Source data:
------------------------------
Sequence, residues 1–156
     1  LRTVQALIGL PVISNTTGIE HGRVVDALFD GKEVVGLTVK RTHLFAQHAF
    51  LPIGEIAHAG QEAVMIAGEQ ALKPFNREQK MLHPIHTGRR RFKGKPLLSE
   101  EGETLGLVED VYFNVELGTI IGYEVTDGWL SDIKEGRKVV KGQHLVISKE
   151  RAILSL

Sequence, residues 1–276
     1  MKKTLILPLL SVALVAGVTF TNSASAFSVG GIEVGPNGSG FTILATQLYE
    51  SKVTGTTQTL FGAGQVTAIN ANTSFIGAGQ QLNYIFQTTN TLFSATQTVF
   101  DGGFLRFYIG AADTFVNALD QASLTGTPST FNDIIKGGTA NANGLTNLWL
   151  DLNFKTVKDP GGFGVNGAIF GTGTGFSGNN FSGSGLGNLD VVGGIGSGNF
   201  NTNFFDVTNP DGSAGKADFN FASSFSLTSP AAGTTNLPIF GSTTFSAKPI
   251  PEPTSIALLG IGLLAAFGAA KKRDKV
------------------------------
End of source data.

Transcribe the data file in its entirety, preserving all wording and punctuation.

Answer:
Sequence, residues 1–156
     1  LRTVQALIGL PVISNTTGIE HGRVVDALFD GKEVVGLTVK RTHLFAQHAF
    51  LPIGEIAHAG QEAVMIAGEQ ALKPFNREQK MLHPIHTGRR RFKGKPLLSE
   101  EGETLGLVED VYFNVELGTI IGYEVTDGWL SDIKEGRKVV KGQHLVISKE
   151  RAILSL

Sequence, residues 1–276
     1  MKKTLILPLL SVALVAGVTF TNSASAFSVG GIEVGPNGSG FTILATQLYE
    51  SKVTGTTQTL FGAGQVTAIN ANTSFIGAGQ QLNYIFQTTN TLFSATQTVF
   101  DGGFLRFYIG AADTFVNALD QASLTGTPST FNDIIKGGTA NANGLTNLWL
   151  DLNFKTVKDP GGFGVNGAIF GTGTGFSGNN FSGSGLGNLD VVGGIGSGNF
   201  NTNFFDVTNP DGSAGKADFN FASSFSLTSP AAGTTNLPIF GSTTFSAKPI
   251  PEPTSIALLG IGLLAAFGAA KKRDKV